Although we haven’t explicitly talked about Dynastic mummies yet, Bob Brier’s lecture last week  revolved around his attempt to create a modern mummy using Ancient Egyptian tools prompted me to write a post about how the details of mummification were discovered using historical documents and eventually,  actually mummifying a human cadaver.

In a short article, Brier noted that while a lot is known about Ancient Egyptian burial and mortuary practices, the only known detailed account of mummification was written by none other than Herodotus.

When writing his book, Brier realized that he didn’t know a lot of details regarding how Ancient Egyptians were mummified. He asked questions such as, “Did embalmers drain the blood?” and “How do you remove a brain through a nose?”. In order to answer these questions, Brier set out to mummify a body donor using Ancient Egyptian tools and practices.

This isn’t the first time that scholars have used tools to learn more about the practices of past societies. I think the use of Ancient Egyptian tools to answer questions about embalming practices is an interesting way to study Ancient Egypt. However, I wondered how Bob Brier knew how to use the tools without any accounts dictating how. Thus, I went to the lecture hoping to understand how Dr. Brier figured it out.

Although he discussed many tools necessary for mummification, I’m gong to focus on the tool used to remove the brain to one’s nose. Dr. Brier explained how originally he (and other archaeologists) thought that the tool was used by inserting the tool up the nasal cavity, and removing pieces of the brain a little bit at a time. It turned out that this practice didn’t work. However, one method that did work was using the tool as a whisk, turning the brain into a liquid form, and then inverting the body and letting the brain seep out through the nose. (You have to admit, it’s a little cool and gross at the same time).

It was great example of problem solving, but there is still a little part of me who wonders if this is actually how the tool was used, or if we simply found another way using the same tool.

The New Chicago Demotic Dictionary

A couple weeks ago we discussed the languages and scripts use throughout Egypt’s history. Even though we are currently discussing predynastic and pre-historic Egypt, I read an interesting article this week that I would like to share.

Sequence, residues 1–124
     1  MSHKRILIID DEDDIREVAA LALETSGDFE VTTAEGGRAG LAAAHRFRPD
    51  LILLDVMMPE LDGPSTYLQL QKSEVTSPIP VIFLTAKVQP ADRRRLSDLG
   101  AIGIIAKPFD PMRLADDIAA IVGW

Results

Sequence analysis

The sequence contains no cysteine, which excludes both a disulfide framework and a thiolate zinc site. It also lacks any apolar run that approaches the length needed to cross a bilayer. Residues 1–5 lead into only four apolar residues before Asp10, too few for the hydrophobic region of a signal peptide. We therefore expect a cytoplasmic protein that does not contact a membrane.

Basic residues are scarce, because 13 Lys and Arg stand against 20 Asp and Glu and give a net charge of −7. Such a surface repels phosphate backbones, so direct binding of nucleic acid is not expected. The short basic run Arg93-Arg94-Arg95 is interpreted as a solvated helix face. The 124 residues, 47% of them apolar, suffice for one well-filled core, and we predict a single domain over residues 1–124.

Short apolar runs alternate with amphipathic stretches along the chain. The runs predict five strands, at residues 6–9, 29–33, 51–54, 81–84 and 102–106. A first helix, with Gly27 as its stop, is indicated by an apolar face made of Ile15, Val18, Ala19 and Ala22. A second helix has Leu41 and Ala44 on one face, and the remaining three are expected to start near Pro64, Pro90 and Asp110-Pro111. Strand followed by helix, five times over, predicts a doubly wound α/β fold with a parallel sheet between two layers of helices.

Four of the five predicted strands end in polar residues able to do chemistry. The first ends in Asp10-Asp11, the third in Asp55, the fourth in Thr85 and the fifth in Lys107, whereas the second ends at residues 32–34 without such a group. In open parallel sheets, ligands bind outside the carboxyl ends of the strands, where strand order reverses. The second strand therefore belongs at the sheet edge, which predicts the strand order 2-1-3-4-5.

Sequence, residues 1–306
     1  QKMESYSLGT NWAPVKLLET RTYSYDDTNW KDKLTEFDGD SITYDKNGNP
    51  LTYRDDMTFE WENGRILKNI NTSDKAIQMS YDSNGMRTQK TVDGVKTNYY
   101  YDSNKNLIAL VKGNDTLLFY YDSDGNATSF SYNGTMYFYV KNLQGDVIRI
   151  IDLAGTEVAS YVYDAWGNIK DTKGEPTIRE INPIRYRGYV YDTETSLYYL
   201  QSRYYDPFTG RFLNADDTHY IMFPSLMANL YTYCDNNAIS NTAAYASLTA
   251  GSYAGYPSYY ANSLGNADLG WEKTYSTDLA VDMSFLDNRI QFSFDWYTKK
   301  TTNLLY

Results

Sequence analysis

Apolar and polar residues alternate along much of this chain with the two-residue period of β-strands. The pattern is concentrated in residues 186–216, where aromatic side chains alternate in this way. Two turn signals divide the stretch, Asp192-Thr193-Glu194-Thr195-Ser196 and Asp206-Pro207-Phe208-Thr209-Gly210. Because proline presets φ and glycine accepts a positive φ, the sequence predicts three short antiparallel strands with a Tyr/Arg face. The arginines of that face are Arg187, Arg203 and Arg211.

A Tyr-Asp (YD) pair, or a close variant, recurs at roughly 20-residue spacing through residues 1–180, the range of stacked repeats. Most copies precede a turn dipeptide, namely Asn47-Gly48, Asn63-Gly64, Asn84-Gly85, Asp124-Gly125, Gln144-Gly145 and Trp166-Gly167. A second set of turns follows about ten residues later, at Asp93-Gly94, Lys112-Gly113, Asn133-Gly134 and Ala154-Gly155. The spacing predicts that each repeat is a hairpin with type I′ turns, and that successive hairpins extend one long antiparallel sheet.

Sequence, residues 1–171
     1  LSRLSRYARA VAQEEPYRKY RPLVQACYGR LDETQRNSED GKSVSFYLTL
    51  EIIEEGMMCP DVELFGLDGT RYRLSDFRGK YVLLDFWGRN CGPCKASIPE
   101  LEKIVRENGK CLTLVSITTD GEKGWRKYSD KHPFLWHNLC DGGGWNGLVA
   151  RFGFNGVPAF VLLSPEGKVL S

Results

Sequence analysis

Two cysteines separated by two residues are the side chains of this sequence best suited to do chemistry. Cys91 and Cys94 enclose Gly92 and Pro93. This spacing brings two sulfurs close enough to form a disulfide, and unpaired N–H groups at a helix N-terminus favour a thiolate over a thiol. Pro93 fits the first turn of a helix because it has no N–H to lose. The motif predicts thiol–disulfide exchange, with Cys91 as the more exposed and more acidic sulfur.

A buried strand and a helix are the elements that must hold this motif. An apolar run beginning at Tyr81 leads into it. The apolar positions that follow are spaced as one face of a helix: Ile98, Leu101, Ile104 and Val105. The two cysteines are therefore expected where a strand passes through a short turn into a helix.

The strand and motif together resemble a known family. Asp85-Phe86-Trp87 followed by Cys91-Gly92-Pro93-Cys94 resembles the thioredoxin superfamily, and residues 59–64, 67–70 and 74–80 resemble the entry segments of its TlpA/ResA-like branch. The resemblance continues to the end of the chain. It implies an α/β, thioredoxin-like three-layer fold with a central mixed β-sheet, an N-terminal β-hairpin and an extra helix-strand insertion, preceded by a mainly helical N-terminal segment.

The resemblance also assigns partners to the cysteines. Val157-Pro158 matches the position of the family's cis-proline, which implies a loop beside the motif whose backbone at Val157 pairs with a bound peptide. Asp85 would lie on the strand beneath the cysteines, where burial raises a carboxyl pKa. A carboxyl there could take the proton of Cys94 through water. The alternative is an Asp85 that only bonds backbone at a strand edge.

As Ethan mentioned a couple weeks ago, the Demotic language was used by the general public in Egypt from approximately 650 B.C. to the last-known use in 452 A.D.. The language is also well-known to scholars because it’s presence on the Rosetta Stone.

In an article in ScienceDaily, the editor of the new Demotic Dictionary, Janet Johnson, stated that the Demotic language was used in a number of Ancient Egyptian contexts, such as business and legal documents, religious literature, and scientific texts such as medicine and astronomy. Although Demotic was widely used during Egypt’s history, it has only been within the last half-century that research and scholarship has really expanded on this ancient language.

The Chicago Demotic Dictionary contains thousands of words that will allow Demotic scholars to decode more Demotic materials to better explain life in Egypt 1500-2500 years ago.

After looking into this new dictionary, I was curious if there were any other dictionaries on ancient languages. I came across an Ancient Egyptian Hieroglyphic dictionary by Budge, but after looking at some reviews, it seems that a lot of Budge’s material is out-of-date. The big difference between these two reference materials is that the Demotic dictionary seems more reserved for scholars, while there are a number of Egyptian hierglyphic study books aimed for the general public.

Thus, I propose the following question: Why do publishers aim books on decoding Egyptian hieroglyphics towards the general public, while it is only this year that a Demotic dictionary is being published – but still aimed more for scholars? I’m not insinuating that there are no scholar-orientated hierglyphic dictionaries, or that the general public has no knowledge of the Demotic script, but I find this discrepancy in popularity very interesting, and I am curious to hear what you guys think.

Ancient Egyptian Cultural Heritage Today

In class on Tuesday, Ethan mentioned the construction of the new Grand Egyptian Museum that is currently being built in Giza. Reported to be one of the biggest archaeological museums in the world, this is obviously a big construction project (with a big price tag) designed to demonstrate Egyptian cultural heritage. However, I was curious as to how the common Egyptian population perceives Ancient Egyptian culture and its preservation, especially considering the political unrest and change in leadership in the past year.